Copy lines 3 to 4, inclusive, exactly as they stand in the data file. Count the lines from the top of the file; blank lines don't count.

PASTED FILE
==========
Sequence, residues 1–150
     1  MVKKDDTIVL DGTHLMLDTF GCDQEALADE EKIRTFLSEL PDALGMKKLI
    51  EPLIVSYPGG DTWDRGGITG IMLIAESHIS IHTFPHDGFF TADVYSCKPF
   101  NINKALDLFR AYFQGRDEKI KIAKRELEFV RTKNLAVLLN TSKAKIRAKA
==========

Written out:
    51  EPLIVSYPGG DTWDRGGITG IMLIAESHIS IHTFPHDGFF TADVYSCKPF
   101  NINKALDLFR AYFQGRDEKI KIAKRELEFV RTKNLAVLLN TSKAKIRAKA